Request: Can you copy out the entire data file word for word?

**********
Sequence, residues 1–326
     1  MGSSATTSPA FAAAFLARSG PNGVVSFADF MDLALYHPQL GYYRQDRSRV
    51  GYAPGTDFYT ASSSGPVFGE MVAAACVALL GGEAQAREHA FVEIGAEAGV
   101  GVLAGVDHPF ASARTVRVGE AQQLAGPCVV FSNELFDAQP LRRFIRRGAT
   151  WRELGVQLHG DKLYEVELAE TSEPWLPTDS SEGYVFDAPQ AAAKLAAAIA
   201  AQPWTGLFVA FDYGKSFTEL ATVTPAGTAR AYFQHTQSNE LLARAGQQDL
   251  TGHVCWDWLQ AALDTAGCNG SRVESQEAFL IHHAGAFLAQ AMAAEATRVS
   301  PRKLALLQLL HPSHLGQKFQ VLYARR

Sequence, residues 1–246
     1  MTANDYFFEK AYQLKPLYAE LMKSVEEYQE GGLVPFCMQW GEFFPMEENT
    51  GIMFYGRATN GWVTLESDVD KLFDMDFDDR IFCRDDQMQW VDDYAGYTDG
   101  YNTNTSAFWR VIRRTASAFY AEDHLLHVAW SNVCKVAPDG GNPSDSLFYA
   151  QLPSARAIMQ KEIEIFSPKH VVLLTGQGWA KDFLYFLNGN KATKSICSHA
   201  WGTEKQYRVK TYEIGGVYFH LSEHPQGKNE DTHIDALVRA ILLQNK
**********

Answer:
Sequence, residues 1–326
     1  MGSSATTSPA FAAAFLARSG PNGVVSFADF MDLALYHPQL GYYRQDRSRV
    51  GYAPGTDFYT ASSSGPVFGE MVAAACVALL GGEAQAREHA FVEIGAEAGV
   101  GVLAGVDHPF ASARTVRVGE AQQLAGPCVV FSNELFDAQP LRRFIRRGAT
   151  WRELGVQLHG DKLYEVELAE TSEPWLPTDS SEGYVFDAPQ AAAKLAAAIA
   201  AQPWTGLFVA FDYGKSFTEL ATVTPAGTAR AYFQHTQSNE LLARAGQQDL
   251  TGHVCWDWLQ AALDTAGCNG SRVESQEAFL IHHAGAFLAQ AMAAEATRVS
   301  PRKLALLQLL HPSHLGQKFQ VLYARR

Sequence, residues 1–246
     1  MTANDYFFEK AYQLKPLYAE LMKSVEEYQE GGLVPFCMQW GEFFPMEENT
    51  GIMFYGRATN GWVTLESDVD KLFDMDFDDR IFCRDDQMQW VDDYAGYTDG
   101  YNTNTSAFWR VIRRTASAFY AEDHLLHVAW SNVCKVAPDG GNPSDSLFYA
   151  QLPSARAIMQ KEIEIFSPKH VVLLTGQGWA KDFLYFLNGN KATKSICSHA
   201  WGTEKQYRVK TYEIGGVYFH LSEHPQGKNE DTHIDALVRA ILLQNK